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But these motors produce more power and run more efficiently around the 185-210 temp range.... why would you want to run that cold other then KR and you're afraid of pushing too much hot air with the turbo?
 

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I have a red line and live in Tucson AZ my temps use to hang around 198 to 205 in the summer months . I thought that that was running to hot . I did something that I dont think anyone else has tried. I ran hoses to both sides of the engine block comming from the brake cooling ducks. After after installing the flexible hoses and home made brackets to hold them in place the temperature now runs between 192 and 200 I dont know why someone else hasn't tried this since the brakes dont need to be cooled if your just driving on the street
 

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But these motors produce more power and run more efficiently around the 185-210 temp range.... why would you want to run that cold other then KR and you're afraid of pushing too much hot air with the turbo?
Because when I autocross or do hard mountain drives in 115 degree weather it's really easy to get the temps well above that range. I'm hoping that when I'm pushing the car like that the temps will settle more in the 200-210 range than the 225-235 range they start getting into now. I'll see how it works out. After all, swapping a t-stat isn't horrible in these cars...just not the easiest.

Also, getting a larger bang in the cylinder (more air = more fuel = more power = more heat) means cylinder temps can rise with the larger turbo as well. While aluminum is a far better conductor of heat that iron, getting that heat out of the aluminum is important too in order to keep cylinder temps where you want them.

I haven't seen any data on using different t-stats on these engines and have seen the benefits on using them with older technology engines under forced induction.

Finally I run a Hahn LNF intercooler which, up until now, has kept intake charges where they should be temp wise. It should handle a lot more than what I have been throwing at it. We'll see what it does with this setup.

Where did you find a 160 t-stat?
I believe I found mine on eBay but it's an AC Delco part.
 

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I have a red line and live in Tucson AZ my temps use to hang around 198 to 205 in the summer months . I thought that that was running to hot . I did something that I dont think anyone else has tried. I ran hoses to both sides of the engine block comming from the brake cooling ducks. After after installing the flexible hoses and home made brackets to hold them in place the temperature now runs between 192 and 200 I dont know why someone else hasn't tried this since the brakes dont need to be cooled if your just driving on the street
Interesting. Never heard or seen that before here duct work to cool the engine block. Hey if it works, why not? Tucson AZ hot as hell, it was when I was there at least. Photos if you can?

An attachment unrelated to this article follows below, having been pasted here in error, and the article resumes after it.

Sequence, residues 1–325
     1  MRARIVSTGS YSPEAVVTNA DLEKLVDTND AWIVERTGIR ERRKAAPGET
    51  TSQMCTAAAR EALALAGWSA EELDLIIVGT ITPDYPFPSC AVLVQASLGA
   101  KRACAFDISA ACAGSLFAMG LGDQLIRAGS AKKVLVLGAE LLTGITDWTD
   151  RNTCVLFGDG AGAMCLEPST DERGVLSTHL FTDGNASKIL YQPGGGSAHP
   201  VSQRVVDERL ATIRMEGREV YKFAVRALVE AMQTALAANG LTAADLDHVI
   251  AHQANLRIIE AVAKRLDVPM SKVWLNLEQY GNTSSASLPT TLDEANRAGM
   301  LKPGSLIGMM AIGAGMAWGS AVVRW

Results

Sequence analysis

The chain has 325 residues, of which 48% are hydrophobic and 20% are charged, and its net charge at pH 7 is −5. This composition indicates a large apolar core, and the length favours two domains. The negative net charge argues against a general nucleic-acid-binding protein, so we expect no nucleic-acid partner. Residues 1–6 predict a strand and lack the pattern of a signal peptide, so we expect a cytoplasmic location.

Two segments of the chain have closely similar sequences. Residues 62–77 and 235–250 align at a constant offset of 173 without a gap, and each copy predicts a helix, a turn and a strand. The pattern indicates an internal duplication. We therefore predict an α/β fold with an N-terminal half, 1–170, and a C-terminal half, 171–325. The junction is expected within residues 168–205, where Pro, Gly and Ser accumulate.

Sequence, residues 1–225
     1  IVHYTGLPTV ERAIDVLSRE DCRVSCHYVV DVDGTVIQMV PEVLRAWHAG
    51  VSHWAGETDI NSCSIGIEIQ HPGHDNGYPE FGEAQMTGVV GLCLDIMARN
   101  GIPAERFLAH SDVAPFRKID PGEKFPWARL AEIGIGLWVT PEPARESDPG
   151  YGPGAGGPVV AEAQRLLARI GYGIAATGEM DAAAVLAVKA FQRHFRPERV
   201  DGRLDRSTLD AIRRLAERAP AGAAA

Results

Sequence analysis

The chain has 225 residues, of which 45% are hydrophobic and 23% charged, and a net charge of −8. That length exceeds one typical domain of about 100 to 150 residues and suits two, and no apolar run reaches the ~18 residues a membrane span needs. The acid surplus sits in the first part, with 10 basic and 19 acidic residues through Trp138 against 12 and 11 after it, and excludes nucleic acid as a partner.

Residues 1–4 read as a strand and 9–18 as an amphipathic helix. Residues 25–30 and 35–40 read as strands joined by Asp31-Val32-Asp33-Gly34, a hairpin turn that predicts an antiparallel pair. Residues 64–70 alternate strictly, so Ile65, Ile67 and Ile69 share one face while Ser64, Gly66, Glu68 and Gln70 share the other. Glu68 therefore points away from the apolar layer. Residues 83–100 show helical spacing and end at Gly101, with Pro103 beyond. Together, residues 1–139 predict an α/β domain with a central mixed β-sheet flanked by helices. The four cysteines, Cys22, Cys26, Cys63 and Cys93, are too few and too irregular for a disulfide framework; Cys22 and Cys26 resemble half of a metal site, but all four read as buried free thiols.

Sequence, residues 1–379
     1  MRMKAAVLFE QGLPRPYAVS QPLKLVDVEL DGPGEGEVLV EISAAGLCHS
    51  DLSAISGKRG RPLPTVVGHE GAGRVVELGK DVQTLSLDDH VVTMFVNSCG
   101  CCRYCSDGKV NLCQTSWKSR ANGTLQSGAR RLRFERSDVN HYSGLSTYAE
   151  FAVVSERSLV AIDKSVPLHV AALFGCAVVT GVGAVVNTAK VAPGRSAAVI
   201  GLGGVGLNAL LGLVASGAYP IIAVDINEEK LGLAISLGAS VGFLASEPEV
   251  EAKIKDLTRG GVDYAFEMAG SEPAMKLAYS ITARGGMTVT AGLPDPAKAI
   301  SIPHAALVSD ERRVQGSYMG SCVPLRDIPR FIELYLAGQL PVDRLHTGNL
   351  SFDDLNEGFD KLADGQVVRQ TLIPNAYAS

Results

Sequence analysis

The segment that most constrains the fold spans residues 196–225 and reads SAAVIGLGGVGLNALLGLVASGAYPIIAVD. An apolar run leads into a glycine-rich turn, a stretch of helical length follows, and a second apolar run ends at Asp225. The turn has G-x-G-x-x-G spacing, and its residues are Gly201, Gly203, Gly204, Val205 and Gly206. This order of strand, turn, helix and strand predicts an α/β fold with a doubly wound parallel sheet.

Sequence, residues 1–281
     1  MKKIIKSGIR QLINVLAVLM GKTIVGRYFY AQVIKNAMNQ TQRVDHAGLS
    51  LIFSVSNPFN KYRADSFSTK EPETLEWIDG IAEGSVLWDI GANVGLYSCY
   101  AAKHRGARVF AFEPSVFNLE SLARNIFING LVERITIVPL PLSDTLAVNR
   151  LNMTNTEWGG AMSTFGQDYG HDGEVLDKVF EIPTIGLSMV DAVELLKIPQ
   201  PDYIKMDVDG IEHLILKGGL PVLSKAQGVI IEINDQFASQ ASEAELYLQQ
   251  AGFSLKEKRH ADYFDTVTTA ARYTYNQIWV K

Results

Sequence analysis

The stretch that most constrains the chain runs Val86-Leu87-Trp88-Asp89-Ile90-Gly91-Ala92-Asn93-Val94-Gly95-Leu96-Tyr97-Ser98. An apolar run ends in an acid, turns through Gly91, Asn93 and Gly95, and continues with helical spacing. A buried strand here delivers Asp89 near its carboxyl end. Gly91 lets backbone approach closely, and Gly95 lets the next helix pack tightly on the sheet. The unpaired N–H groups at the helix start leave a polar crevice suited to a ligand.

Hotter summer temps we all want our cars to run a bit cooler. Sometimes this is not possible. Keep track of your temps on a regular basis during these hot summer months. Any change from your normal range 190-210, find out why? Low coolant in the expansion tank? Any sign of leaks under your car?
I just cleaned my IC and Radiator with a hose/brush/sponge. Dirty they were, but not now. Lot cleaner, maybe it will help some then again, maybe not?
Lot of loose grime washed away in this most recent process. Years worth maybe.
I did this wash/clean right after I bought my Sky. 6 years later it was back on my list. Box checked off for now.

I had commented on another thread here, a new owner with seats different than the original set up with no power seat height adjustment switch.
After his inspection under the driver seat, no evidence that the car had this option installed.
Then looking under the passenger seat he finds an old I-Pad with Honolulu time on the clock.

You just never know until you look, close. Loose bolts here, a tear in the weather strip there, uneven tire wear, a
chip monk on your intake manifold, could be anything. Ahhh it's ok, I'll check it later. Famous last words.

LAC
 

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So, I am sitting in a conference call that I don't need to be in, but can't get out of, and decided to analyze this temperature thing, but need more information.

@Robotech : What radiator and/or oil cooler are you running? And, what horsepower do you want to be able to develop, for how long, without exceeding 210 F?
 

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But these motors produce more power and run more efficiently around the 185-210 temp range.... why would you want to run that cold other then KR and you're afraid of pushing too much hot air with the turbo?
Very true. Just because you run a 160 t-stat doesn't mean you run that cold, only that it opens earlier.

I have the 180 t-stat in there now. I can't get below 205 normally. Usually 208-210 is where it runs. So with a 160 t-stat, I'm assuming I'd see the same shift. 185-200 coolant temps.

That would be perfect, IMHO. Plenty hot enough.